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Dysfunctions of a Business Intelligence Team: Fear of Conflict Facing Our Fears – Or At Least One of Them

Originally published September 21, 2010

Note from Maureen Clarry: This is the third article in a series discussing the five dysfunctions of a business intelligence team. For the first article, I wrote an overview of the five dysfunctions. In the second article, James Wood looked more deeply at the first dysfunction – the lack of trust. When trust is not present on a team, members do not feel comfortable sharing their opinions and ideas, leading to the second dysfunction – the fear of conflict. This article, written by Lorna Rickard, will explore how this fear of conflict manifests itself within teams and will offer four tools to mitigate this common dysfunction.

Dan wearily looks over at his clock and sees that it’s 2:30 a.m. Darn! This is the second time this week he has found himself worrying and unable to sleep. He’s concerned that his team of ETL developers is struggling with low morale and reduced output. One obvious manifestation of this is that team meetings, which used to be fun and collaborative – a place to share best practices and problem solve – have gone flat. It feels like people are just “putting in time.” And, increasingly members of the team are finding ways to get out of the meetings all together.

Although all members of his team are good performers, he can sense that the energy of the group is low, and increasingly he sees small groups huddled together, whispering. The newest member of the team, Chris, has a very powerful personal presence. He is articulate and logical and always presents himself in a very confident way. Business clients love him and he is able to quickly establish rapport and credibility with them.

Dan begins to wonder if Chris’ approach is having an impact on the team as a whole. Some time ago, one team member, Linda, felt strongly about how a new process should be designed and presented her idea very clearly. Chris was quick to respond with a forceful, logical, apparently indisputable reply. His response was so strong, that no one – including Linda – came back with a response. Since then, whenever someone ventures a contrary opinion or a new idea, Chris responds in a similar way. Dan comes to the realization that collaboration is almost impossible in this environment, but he’s not sure what his next steps should be or if this problem with meetings is even related to the larger problem.

In his book, The Five Dysfunctions of a Team, Patrick Lencioni makes the case that in order for a team to maximize its effectiveness, it must be able to engage in productive conflict. The all-too-common fear of conflict does not mean that teams don’t discuss issues or even argue; it means that discussions are often destructive because they are laced with politics, pride, and competition. In his companion field guide, Overcoming the Five Dysfunctions of a Team, Lencioni outlines what he labels the “Conflict Continuum” (see Figure 1) to depict the terrain that teams confront regarding conflict.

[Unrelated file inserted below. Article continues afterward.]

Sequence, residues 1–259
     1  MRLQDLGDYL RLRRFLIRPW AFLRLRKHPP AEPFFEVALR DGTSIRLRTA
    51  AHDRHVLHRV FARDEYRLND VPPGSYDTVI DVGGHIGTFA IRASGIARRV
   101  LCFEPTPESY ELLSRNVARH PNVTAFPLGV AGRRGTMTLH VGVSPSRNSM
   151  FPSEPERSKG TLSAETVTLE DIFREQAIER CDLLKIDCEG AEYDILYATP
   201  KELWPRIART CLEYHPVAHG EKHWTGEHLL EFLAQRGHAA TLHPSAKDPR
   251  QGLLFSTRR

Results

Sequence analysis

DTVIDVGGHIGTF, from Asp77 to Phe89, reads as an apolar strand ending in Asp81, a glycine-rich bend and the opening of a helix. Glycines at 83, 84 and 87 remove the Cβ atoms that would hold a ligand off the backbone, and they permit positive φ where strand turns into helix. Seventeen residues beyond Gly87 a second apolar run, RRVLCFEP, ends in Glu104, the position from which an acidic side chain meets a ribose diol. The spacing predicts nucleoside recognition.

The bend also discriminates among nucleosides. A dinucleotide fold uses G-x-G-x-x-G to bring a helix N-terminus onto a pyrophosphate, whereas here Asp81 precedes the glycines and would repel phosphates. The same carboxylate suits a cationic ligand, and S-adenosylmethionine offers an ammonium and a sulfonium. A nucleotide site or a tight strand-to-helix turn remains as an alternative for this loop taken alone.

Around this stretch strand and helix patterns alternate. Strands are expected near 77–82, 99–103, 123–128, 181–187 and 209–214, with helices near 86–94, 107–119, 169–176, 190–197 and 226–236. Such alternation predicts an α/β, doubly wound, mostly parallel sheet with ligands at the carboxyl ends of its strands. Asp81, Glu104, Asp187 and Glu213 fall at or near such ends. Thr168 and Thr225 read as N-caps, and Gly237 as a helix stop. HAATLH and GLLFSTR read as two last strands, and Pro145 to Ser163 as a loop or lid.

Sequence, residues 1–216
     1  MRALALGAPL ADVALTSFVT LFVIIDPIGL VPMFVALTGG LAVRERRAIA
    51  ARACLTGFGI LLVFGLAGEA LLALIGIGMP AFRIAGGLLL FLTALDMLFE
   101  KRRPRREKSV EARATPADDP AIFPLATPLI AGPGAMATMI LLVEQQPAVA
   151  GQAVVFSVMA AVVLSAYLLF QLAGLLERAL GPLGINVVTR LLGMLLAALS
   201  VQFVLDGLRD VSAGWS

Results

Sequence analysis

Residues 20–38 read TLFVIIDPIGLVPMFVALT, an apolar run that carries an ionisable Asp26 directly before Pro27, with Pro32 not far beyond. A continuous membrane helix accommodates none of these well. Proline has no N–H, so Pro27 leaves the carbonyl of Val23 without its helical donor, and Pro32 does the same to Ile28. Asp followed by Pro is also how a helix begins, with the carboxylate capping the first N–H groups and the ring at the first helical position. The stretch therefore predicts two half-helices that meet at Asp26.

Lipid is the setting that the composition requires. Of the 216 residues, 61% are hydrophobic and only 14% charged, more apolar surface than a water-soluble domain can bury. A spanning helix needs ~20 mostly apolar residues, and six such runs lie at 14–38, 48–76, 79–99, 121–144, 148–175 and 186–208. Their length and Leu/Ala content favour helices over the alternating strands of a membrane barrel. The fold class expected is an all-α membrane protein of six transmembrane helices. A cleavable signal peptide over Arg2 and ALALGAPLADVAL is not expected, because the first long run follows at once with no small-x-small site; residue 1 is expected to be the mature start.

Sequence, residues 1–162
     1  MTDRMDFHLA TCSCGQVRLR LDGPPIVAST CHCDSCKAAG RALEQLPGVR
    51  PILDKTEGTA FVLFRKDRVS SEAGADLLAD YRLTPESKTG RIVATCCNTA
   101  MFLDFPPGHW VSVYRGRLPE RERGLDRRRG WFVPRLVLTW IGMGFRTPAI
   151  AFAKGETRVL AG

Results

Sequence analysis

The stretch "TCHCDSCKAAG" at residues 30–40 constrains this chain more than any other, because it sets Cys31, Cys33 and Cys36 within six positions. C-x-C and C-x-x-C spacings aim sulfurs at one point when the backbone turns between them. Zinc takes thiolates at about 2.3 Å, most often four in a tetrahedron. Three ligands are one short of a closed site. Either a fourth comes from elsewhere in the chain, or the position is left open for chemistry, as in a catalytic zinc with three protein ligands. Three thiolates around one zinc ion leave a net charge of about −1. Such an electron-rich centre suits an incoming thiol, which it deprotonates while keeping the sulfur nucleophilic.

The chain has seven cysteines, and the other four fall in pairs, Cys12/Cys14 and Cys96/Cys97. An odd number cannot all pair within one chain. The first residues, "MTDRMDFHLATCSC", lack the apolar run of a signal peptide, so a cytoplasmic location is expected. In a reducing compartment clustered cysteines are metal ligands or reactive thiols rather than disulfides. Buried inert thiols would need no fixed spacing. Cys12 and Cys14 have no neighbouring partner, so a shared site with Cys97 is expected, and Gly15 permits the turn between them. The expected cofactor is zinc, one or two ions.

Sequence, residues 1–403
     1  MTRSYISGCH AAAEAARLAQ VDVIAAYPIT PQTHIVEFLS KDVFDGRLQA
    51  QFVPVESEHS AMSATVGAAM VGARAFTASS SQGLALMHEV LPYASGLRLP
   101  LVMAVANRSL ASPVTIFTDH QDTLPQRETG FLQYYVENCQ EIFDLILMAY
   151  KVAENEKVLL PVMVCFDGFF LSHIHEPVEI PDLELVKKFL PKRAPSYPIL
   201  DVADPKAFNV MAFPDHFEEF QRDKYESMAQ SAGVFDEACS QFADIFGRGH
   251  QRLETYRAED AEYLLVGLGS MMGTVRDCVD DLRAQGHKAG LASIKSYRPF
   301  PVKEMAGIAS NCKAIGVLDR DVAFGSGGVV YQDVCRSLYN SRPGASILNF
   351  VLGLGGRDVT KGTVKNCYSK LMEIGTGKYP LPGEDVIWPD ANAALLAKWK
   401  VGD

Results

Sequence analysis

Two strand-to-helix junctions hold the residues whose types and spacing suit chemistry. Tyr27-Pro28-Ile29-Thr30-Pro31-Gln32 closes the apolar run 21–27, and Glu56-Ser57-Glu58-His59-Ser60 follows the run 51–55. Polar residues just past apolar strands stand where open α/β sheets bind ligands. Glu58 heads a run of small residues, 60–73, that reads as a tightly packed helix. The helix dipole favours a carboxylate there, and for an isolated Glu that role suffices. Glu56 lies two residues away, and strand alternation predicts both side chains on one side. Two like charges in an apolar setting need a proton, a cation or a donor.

Figure 1: Conflict Continuum
To the far left of the continuum, there is artificial harmony, where there appears to be no conflict at all. This is called artificial harmony because the conflict goes underground and is expressed in unhealthy ways. On the other end, expressions are mean-spirited personal attacks. Both of these extremes radically compromise commitment and energy and stifle decision making and accountability. Since healthy conflict is a productive and necessary component of groups coming to good decisions, he identifies the ideal conflict point as being just to the left of the center point between these two extremes. The acid test is: Are people holding back their opinions and thoughts?

So, what can Dan do to help his team deal with their obvious fear of conflict? The rest of this article will present four tools directed toward this end: 1) understanding different conflict styles, 2) creating norms around how the team will deal with conflict, 3) mining for conflict, and 4) offering real-time permission. It is important to remember the root of this fear stems from the lack of trust. So, for starters, read James Wood’s article http://www.b-eye-network.com/channels/1244/view/14128 on creating trust. It is from that foundation that these tools are seen as helpful in reducing the fear of conflict.

  1. Understanding Conflict Styles

    Dan could start by helping his team understand how people deal with conflict differently. Most of us do not stop and think about how we deal with conflict – we just do whatever comes naturally. These habits are well ingrained and seem to function automatically. They are based on patterns that were handed down by our families of origin, our personalities, and even the culture we grew up in. Exploring these dynamics and providing a space for each team member to share his or her “conflict profile” is a first step.

    There are two instruments that can be helpful. The first is the Thomas-Kilmann Conflict Mode Instrument. It is a valid and reliable instrument that helps people identify their preferred conflict modes, among five that are identified. No mode is presumed better than another and you do not need a certified facilitator – it is very user friendly. It can help on two levels.